• Poison Ivy seems especially devious this year

    I’ve noticed more poison ivy this year than I recall in previous years.

    Maybe I am more observant, or maybe the farm is just weedier! Either way, it makes people nervous.

    I am not particularly allergic to this devious vine, but Andy, my husband, will blister like being burned by fire whenever he comes into contact with it.

  • Shade plants from the blazing sun

    It’s been a hot and humid the last few weeks!

    I was hopeful that this summer was going to be idyllic. At least we got rain just in the nick of time. These 90-degree days, however, are putting us on track for some serious heat this summer. Some vegetables will surely respond to temperatures in the 90s. Some will be good and some will be sad. I know we can’t change the ambient air temperature on a 90-degree day, but we can provide some shade for our plants on the hottest days of the summer with reasonable results.

  • Add bold, tropical blooms to your landscape

    There is nothing like a tropical plant for bold, bright blooms in your summer outdoor living space. It is the perfect environment because most tropicals like the bright light and heat and humidity that summer brings. We baby them through the winter months, waiting for the threat of frost to pass, so we can bring them outdoors for a breath of fresh, warm air.

  • Hemp-growing project planted

    Under the threat of rain, students and colleagues of St. Catharine College were preparing plots on a farm Monday for a plant that hasn’t legally grown in Washington County since the World War II era.

    Hemp, a variant of the cannabis plant, can be used to make products including food, oil, wax, rope, paper, clothing and fuel. Hemp is often mistaken for marijuana — and is technically the same plant — but does not contain the amount of tetrahydrocannabinol (THC) that provides the high of marijuana.

  • Digging and dividing daffodils

    If your daffodils didn’t bloom well this year, ask yourself these two questions: Did you allow the foliage to die back naturally last summer before you cut it off? Has it been eons since they were last divided?

  • Voting ends tonight for Tough Crew finalists

    Charles Miles, a whiskey warehouse carpenter, and his team have been named finalists in the national Cintas and Carhartt Tough Crew Contest.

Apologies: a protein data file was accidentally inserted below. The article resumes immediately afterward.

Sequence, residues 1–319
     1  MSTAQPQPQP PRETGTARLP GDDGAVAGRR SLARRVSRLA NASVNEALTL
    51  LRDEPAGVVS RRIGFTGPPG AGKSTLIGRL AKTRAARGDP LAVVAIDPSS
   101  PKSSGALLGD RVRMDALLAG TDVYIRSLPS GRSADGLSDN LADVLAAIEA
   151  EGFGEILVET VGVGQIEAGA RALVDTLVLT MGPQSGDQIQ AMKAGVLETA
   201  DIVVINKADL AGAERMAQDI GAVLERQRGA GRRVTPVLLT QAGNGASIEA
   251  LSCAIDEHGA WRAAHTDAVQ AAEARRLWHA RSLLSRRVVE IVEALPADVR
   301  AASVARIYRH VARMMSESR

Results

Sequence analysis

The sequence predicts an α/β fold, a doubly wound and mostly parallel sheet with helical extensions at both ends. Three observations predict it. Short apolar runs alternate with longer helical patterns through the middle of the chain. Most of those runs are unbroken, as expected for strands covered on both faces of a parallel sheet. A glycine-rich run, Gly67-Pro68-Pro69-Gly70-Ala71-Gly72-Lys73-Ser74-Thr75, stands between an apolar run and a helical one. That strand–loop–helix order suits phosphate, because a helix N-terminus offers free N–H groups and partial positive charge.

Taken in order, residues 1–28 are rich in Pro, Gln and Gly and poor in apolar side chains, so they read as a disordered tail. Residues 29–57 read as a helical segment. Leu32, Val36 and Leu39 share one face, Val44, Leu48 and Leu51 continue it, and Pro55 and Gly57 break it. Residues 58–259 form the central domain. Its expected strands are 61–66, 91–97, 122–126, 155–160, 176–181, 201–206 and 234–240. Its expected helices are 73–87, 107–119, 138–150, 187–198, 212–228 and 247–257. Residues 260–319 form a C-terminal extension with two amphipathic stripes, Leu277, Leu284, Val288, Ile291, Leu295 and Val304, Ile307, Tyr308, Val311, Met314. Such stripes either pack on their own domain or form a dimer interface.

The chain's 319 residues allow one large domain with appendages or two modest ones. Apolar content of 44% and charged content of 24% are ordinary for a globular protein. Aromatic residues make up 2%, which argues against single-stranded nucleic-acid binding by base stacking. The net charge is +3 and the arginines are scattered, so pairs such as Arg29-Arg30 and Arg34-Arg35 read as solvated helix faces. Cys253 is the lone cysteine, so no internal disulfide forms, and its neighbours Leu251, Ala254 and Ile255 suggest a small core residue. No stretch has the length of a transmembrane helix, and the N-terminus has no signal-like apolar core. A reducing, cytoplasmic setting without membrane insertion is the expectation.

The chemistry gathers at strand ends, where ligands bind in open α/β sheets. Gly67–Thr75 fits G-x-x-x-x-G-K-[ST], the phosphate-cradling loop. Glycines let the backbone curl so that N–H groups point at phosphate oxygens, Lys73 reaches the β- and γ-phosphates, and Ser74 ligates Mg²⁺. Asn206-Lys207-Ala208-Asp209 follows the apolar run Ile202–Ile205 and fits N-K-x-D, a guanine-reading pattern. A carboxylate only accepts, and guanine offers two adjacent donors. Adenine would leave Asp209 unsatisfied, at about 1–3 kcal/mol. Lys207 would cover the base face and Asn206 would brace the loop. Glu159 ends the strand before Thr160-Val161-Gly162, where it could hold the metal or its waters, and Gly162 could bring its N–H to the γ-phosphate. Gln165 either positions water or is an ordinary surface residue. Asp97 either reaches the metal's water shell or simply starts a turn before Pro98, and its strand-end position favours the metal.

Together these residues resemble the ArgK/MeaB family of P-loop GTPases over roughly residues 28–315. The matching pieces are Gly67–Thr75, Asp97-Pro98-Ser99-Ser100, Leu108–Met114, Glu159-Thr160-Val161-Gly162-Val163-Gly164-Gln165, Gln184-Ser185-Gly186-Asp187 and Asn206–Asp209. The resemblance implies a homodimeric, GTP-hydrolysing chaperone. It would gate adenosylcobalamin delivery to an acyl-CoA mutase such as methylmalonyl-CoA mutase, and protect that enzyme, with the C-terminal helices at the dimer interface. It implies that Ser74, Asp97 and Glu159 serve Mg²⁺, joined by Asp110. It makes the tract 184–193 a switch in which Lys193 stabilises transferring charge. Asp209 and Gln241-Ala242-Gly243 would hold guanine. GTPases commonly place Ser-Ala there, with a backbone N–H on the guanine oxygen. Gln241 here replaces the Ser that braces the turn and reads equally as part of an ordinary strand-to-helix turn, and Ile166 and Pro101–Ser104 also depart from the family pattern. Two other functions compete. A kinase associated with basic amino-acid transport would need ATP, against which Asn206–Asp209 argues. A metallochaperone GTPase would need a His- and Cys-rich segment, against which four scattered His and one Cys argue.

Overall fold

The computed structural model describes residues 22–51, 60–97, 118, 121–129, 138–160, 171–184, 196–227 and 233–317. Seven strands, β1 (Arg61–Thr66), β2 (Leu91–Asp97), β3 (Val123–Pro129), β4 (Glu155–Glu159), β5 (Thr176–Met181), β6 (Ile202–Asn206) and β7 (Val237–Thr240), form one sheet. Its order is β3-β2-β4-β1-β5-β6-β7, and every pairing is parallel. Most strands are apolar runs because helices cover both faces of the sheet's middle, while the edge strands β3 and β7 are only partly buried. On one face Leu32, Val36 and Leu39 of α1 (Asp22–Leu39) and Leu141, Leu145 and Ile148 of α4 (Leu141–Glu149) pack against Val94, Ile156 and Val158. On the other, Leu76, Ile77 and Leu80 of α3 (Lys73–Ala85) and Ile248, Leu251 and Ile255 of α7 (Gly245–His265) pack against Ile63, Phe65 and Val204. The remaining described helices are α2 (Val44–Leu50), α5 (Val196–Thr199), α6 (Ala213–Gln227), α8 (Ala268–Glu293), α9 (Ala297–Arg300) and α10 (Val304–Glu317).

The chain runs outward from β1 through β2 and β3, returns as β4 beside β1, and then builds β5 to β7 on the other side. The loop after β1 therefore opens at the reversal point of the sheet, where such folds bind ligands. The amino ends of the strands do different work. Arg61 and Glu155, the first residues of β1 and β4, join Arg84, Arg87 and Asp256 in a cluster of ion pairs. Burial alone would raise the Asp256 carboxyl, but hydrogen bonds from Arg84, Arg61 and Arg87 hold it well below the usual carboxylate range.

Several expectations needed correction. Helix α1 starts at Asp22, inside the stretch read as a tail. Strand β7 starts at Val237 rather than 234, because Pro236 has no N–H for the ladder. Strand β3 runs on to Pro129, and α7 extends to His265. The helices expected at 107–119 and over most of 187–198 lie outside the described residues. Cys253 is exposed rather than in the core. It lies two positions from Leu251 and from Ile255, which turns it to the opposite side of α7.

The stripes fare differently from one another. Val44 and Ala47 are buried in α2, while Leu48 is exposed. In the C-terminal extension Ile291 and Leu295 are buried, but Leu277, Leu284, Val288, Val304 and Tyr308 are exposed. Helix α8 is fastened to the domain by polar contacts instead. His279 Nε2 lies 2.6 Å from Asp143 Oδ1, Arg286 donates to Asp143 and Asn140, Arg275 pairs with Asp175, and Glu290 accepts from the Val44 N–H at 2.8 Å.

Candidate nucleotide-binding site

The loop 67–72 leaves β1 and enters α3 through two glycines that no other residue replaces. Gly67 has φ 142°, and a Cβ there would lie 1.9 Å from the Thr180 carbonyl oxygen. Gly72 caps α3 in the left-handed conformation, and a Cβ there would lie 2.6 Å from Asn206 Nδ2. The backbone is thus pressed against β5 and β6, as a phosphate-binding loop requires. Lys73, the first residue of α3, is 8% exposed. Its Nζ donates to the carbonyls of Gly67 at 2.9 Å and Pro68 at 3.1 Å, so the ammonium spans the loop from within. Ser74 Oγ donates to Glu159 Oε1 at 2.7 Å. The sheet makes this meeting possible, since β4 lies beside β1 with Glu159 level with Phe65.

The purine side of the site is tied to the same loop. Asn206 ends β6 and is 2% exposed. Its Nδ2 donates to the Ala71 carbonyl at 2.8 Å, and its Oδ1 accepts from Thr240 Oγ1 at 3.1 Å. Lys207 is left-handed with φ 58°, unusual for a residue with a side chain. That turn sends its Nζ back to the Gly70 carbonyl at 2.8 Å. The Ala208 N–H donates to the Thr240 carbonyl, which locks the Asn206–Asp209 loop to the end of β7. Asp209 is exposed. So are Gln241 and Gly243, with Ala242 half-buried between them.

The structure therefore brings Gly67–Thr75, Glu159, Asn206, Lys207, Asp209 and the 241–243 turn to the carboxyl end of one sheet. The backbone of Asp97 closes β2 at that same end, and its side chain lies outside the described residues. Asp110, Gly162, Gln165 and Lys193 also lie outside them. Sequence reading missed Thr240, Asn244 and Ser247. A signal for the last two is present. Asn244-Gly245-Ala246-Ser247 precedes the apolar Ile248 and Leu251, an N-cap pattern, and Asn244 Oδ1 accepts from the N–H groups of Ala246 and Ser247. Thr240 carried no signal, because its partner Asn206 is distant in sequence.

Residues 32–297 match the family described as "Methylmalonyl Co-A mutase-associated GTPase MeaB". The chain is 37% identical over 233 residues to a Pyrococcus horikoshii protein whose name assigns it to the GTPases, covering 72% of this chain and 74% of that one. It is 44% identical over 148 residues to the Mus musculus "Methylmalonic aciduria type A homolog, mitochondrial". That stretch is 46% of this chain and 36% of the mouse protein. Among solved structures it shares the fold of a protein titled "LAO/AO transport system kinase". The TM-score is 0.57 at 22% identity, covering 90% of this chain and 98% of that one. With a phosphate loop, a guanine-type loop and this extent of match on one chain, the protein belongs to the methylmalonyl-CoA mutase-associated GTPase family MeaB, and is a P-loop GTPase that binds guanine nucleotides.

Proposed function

Voting for the contest is open to the public until 11:59 p.m. on Friday. The winner of the contest will receive $2,500 in credit to outfit his or her crew. To vote for Charles and his crew, visit www.cintas.com/toughcrew

  • Crepe myrtles and winter damage

    In 2010, I wrote “we should use more crepe myrtles in Kentuckiana, they are not just for warm, temperate climes; in fact, there are a great many that go unbothered by an average winter in our parts.”

    Well, famous last words, right? I guess the operative words are “average winter.”

    Crepe myrtles are one of the last of the summer blooming shrubs to break dormancy in the spring. In fact, many fear that their crepe myrtles are dead because they are so slow to leaf out. This year it just might be the case, however.

  • Have it made in the shade

     It is strange, but true. People often refer to shade as a problem.

    How many times have you heard of people desperately searching for that one magic thing they can do to get grass to grow underneath a pin oak? Why can’t we just accept the fact that it just isn’t possible and move on to better things?

  • Conservation District cost share program announced

    The Nelson County Conservation District is accepting requests for cost share funding under the Kentucky Soil Erosion and Water Quality Cost Share Program.

    Among the 18 practices eligible under the State Cost Share Program are agricultural waste utilization, agricultural waste control facilities, stream crossings, heavy use area protection, winter feeding areas, pasture and hayland erosion control and rotational grazing system establishment.

    Initial funding for the program will be provided by the Kentucky Department of Agriculture.

  • Sweet potatoes need 150 frost-free days

    Once again we enjoyed sweet potatoes all winter long from a fantastic harvest last fall. I planted out about 25 organic slips purchased from Country Corner Greenhouse in Shepherdsville in late May and by early November we had four nursery crates full of one of nature’s perfect foods! Seven months and counting in storage with no spoilage is impressive. We are down to about a dozen sweet potatoes; just in time for a transition to other summer vegetable.